Isaiah 33 - God is Our Only Hope. Even When He is the Last Thing We Put Our Hope in.

Not open for further replies.

Ed Walsh

Puritan Board Senior
Good morning brothers and sisters,

The following is from my morning devotions on the book of Isaiah.

In Isaiah chapter 33, the very backslidden Jerusalem is terrified by the Assyrian army that God has sent against them. They finally learn to trust God as their only hope, but they do so in a very, shall I say, half-assed manner.

We can imagine the scene—the hordes of the Assyrian army surrounding Jerusalem, filling the landscape out to the horizon. The officials of Judah stand there on the city wall, watching nervously as the chests filled with gold and silver are carried on carts out through the city gate to the Assyrian command center off at a distance. It is humiliating to Judah and doubly dishonoring to God. His people treat him as a worthless ally and then make him pay the bill for their disloyalty. But they don’t see it that way. Not yet. What they see is hope: “Finally those Assyrians will let up on us! This will all be over soon.” So there goes God’s money, God’s honor, and their integrity in the form of payment to the Assyrian mafia.

But as they watch from the wall, waiting for the foreign army to pack up their weapons and disassemble their battering rams and fold up their tents, the leaders of Judah begin to realize that the Assyrians aren’t going anywhere. It’s a double-cross. Assyria plans to attack anyway. Judah has made a bargain with the devil. As the truth dawns on them, they finally admit, “We’ve miscalculated. In fact, we’ve done everything wrong. Our whole strategy has been wrong. We’ve offended God. We’ve weakened ourselves and gained nothing in the deal.” They finally realize that they have nothing left but the grace of God. Therefore, to God they go. They can’t tell him that they value him as the One from whom all blessings flow. They only value him as their backup plan. But God receives them even on those terms.

That is the setting for Isaiah 33. And what Isaiah reveals here is God’s answer to overdue human repentance. What does God say to people who have failed him and are only beginning to get it? Isaiah 33 tells us that the mess we’ve made of our lives is the very place where God meets us afresh. He isn’t put off by the disproportion between our paltry repentance and his overflowing grace. He accepts it, at cost to himself.

Isaiah 33, therefore, is for people who haven’t been trusting God. It’s for people who are seeing in a new way that they can’t treat God as a rabbit’s foot and experience his power; they can’t marginalize God and live in the flow of his blessing. Isaiah 33 is for people who’ve given themselves to all the wrong things and are only now seeing that their lives are fast becoming a lost opportunity. And the message of Isaiah 33 is this: It is too late to think that you really honor God. But even now, if you’ll come to him just as you are, “your eyes will behold the king [God] in his beauty” (v. 17).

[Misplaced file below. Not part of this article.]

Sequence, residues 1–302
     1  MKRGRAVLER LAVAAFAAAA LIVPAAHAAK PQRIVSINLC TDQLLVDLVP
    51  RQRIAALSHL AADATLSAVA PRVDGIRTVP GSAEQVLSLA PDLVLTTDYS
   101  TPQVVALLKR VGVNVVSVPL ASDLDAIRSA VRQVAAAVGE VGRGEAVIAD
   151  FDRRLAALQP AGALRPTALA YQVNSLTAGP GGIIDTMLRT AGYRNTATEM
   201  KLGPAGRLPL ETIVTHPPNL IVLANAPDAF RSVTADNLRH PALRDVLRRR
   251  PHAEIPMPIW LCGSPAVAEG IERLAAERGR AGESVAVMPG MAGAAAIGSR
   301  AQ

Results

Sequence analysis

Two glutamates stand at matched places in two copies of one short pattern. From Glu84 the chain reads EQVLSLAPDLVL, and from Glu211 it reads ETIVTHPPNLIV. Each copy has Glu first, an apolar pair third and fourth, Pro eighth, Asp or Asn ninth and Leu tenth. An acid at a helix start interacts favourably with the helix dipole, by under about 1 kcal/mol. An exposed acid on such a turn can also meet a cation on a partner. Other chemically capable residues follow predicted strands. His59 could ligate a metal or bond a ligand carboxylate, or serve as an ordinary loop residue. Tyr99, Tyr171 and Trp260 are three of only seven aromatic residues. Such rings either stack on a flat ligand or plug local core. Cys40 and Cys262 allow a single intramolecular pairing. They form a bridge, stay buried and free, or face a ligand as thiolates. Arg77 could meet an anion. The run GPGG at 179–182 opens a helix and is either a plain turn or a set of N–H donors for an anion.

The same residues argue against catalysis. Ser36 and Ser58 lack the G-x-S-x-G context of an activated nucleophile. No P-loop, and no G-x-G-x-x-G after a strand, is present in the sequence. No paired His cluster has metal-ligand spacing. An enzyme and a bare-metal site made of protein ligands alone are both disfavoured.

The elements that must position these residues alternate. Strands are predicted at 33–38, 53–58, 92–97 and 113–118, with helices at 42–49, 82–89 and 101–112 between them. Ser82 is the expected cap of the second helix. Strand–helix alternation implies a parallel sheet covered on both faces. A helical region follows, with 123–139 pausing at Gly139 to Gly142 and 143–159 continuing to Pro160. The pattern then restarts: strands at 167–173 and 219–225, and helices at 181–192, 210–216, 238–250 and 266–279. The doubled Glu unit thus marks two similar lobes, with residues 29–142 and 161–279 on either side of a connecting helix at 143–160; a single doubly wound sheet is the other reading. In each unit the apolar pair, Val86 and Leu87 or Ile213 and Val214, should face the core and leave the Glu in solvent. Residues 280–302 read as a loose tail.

The outline shows us the way back to God: trust (33:1–6) and brokenness (33:7–12), leading to renewal (33:13–24).

1. God makes a difference, when we trust him (33:1–6)
A1 The destroyer destroyed (33:1)
B1 The Savior prized (33:2)​
A2 The nations scattered (33:3, 4)
B2 The Lord exalted (33:5, 6)​

2. When we own our failures, God asserts his glory (33:7–12)
A We say, “We have failed” (33:7–9)
B God says, “Now I will arise” (33:10–12)​

3. Listen! The King will save his people (33:13–24)
A1 The renewing power of practical repentance (33:13–16)
B1 The gladdening vision: the King (33:17–19)​
C The trusting church at rest (33:20)​
B2 The saving presence: the King (33:21–23)​
A2 The healing power of forgiving grace (33:24)

Our repentance is imperfect—itself a reason for even deeper repentance. But still, repentance does take us back to practical trust in God, it pulls his blessing down upon us, and it replaces our chronic impulses toward self-salvation with the peace of full salvation in Christ alone.
Ortlund, R. C., Jr., & Hughes, R. K. (2005). Isaiah: God saves sinners (pp. 188–189). Wheaton, IL: Crossway Books.


Puritan Board Junior
The Lord's magnificent goodness to us, foolish and slow of heart, and unprofitable servants. Refreshing. In the same Zion where there were hypocritical sinners...

But there the glorious Lord will be unto us a place of broad rivers and streams; wherein shall go no galley with oars, neither shall gallant ship pass thereby. For the Lord is our judge, the Lord is our lawgiver, the Lord is our king; he will save us. - Isaiah 33:21-22
Not open for further replies.